This is not a definitive statement. This is just a comparison. For example, if you use vinegar as a base for cooking, it would be acidic. If you use lemon juice, the results would be acidic. And so on.
The difference between acidic and alkaline is that alkali is an element. That means it’s able to dissolve. For example, you use acid in your food to make it more acidic. If you try to cook with lemon juice, what you’ll end up with is lemon juice. So the acidity of lemon juice is far less than the acidity of vinegar, and vice versa.
The acidity of lemon juice is about 1/10th that of vinegar. The acidity of vinegar is about 50 times less than that of lemon juice. So if lemon juice is acidic, then vinegar is alkaline. In the end, the difference between acidic and alkaline is that the alkaline is able to dissolve and the acid is not.
So you can’t just throw vinegar in your food and expect to get the same results. It has to be the other way around.
The lemon juice in this recipe is not acidic to the same degree as the lemon juice in the recipe.
I love this idea. I want to drink more vinegar. I want to feel the effects of its acidity in my body. I want to feel the difference in acidity in my stomach. I want to feel the difference in acidity in my hair. I want to feel the difference in acidity in my skin. I want to feel the difference in the acidity of my body just from the first sip of water.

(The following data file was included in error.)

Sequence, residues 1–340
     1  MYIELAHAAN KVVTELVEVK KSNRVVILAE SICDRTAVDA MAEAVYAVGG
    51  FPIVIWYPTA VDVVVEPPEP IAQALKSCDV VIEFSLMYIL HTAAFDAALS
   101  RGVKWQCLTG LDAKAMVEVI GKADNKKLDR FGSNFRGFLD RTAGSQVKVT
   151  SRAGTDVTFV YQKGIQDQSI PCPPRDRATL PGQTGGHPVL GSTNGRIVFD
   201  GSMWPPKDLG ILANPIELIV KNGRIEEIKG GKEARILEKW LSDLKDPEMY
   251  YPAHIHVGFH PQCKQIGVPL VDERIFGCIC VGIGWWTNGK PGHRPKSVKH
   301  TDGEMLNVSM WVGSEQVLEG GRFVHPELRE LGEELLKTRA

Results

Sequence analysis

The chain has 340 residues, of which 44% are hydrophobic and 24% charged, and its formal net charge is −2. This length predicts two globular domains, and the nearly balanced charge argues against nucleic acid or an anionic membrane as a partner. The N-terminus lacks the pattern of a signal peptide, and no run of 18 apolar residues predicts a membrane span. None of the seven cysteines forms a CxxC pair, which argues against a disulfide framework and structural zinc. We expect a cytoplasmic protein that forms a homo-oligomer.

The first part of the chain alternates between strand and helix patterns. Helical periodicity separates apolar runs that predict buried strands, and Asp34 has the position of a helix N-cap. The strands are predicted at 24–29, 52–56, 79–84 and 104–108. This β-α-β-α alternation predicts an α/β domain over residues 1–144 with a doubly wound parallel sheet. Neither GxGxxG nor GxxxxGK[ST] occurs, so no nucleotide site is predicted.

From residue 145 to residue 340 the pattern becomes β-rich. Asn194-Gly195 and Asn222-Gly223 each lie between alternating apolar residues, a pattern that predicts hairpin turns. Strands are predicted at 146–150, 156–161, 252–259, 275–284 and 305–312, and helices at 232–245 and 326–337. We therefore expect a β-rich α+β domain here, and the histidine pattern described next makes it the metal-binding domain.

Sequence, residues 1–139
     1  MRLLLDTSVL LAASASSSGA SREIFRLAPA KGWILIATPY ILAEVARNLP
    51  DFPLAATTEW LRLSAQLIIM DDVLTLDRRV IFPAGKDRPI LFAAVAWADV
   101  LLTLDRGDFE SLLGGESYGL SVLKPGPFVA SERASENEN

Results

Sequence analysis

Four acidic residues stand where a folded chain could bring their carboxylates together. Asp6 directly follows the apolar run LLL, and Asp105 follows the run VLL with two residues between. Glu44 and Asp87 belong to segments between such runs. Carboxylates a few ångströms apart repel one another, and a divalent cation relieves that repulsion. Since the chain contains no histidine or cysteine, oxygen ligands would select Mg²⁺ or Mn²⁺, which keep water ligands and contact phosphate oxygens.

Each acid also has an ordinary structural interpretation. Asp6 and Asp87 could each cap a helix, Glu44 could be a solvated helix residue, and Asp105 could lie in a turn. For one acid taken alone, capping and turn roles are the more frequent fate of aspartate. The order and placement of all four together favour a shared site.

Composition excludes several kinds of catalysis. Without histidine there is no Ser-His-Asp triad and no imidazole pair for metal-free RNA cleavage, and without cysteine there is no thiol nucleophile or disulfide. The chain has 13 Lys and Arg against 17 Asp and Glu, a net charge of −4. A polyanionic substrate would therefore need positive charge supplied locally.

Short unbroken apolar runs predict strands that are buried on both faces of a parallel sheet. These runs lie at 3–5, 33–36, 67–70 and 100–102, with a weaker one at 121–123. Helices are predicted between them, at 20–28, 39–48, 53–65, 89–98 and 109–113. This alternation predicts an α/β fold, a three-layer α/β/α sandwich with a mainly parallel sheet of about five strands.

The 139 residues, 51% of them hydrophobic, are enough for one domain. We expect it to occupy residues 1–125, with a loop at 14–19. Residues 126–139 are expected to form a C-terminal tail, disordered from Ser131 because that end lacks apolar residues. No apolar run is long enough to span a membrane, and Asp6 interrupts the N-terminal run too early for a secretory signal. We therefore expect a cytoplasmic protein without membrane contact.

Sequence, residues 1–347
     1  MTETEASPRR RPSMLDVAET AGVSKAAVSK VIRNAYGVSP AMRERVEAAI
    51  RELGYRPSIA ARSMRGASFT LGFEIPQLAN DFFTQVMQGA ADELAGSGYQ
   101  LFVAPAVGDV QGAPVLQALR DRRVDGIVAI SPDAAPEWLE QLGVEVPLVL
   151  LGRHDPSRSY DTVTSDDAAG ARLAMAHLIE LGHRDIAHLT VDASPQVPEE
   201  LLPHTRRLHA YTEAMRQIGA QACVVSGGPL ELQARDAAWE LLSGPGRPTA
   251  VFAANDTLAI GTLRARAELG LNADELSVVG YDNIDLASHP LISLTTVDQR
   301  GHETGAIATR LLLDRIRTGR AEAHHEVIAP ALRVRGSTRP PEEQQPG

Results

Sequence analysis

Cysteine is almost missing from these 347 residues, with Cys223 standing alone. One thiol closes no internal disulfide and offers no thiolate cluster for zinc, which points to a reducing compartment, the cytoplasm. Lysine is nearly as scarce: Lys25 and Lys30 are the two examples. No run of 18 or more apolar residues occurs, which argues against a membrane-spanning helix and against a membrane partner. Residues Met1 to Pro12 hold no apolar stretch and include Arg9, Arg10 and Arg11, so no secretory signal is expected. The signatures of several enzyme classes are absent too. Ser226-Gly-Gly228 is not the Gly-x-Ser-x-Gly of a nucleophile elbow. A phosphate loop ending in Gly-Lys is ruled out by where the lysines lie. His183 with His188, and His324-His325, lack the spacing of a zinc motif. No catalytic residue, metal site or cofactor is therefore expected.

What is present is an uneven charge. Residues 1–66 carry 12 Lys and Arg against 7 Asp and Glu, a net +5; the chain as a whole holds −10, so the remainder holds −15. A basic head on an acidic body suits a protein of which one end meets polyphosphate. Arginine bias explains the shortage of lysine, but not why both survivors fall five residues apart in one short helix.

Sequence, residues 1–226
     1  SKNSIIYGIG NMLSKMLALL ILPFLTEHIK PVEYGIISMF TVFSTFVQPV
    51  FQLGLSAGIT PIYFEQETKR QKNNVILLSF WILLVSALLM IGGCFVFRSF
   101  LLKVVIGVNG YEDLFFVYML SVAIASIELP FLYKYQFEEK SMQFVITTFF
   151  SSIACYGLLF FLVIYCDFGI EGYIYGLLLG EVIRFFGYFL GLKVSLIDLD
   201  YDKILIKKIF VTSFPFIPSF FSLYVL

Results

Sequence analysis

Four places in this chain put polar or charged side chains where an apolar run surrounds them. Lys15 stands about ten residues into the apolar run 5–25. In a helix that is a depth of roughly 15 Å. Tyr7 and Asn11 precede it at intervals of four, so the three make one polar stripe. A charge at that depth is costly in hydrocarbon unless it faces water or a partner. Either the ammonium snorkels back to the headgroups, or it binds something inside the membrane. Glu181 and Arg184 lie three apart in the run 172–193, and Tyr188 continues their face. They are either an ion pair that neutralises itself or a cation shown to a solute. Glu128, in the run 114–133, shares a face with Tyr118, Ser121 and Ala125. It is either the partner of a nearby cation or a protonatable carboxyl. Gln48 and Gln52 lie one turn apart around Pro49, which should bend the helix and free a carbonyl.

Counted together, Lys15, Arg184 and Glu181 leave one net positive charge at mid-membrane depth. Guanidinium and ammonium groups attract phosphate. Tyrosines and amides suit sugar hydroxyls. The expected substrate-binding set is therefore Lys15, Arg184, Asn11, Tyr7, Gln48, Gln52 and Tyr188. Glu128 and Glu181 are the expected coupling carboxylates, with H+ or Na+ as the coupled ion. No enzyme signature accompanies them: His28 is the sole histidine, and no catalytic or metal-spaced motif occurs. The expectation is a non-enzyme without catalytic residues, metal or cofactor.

People often talk about the difference between acidity and alkalinity. The pH scale measures the acidity, or alkalinity, of a solution. A negative number means the solution is acidic, and a positive number means the solution is alkaline (which means it is neutral). The pH scale ranges from 3 to 14, so acidic solutions are 3 and alkaline solutions are 14. What we are talking about here is the acidity of the solution.
When we talk about acidity, we are referring to the “strength of an acid.” The acidity of a solution is determined by the amount of hydrogen ions in the solution (H+). The higher the acidity, the more powerful the acid. For example, vinegar has a weak acidity, but it is still considered acidic. Similarly, a strong acid will have a negative pH, but it is still considered acidic.
We are not talking about the strength of the acid, but rather the strength of the solution. If the solution is strong, then the acidity is high.
A weak solution has a high acidity but a low strength. A strong solution has a high acidity and low strength. A very strong solution has a high acidity and a very strong strength.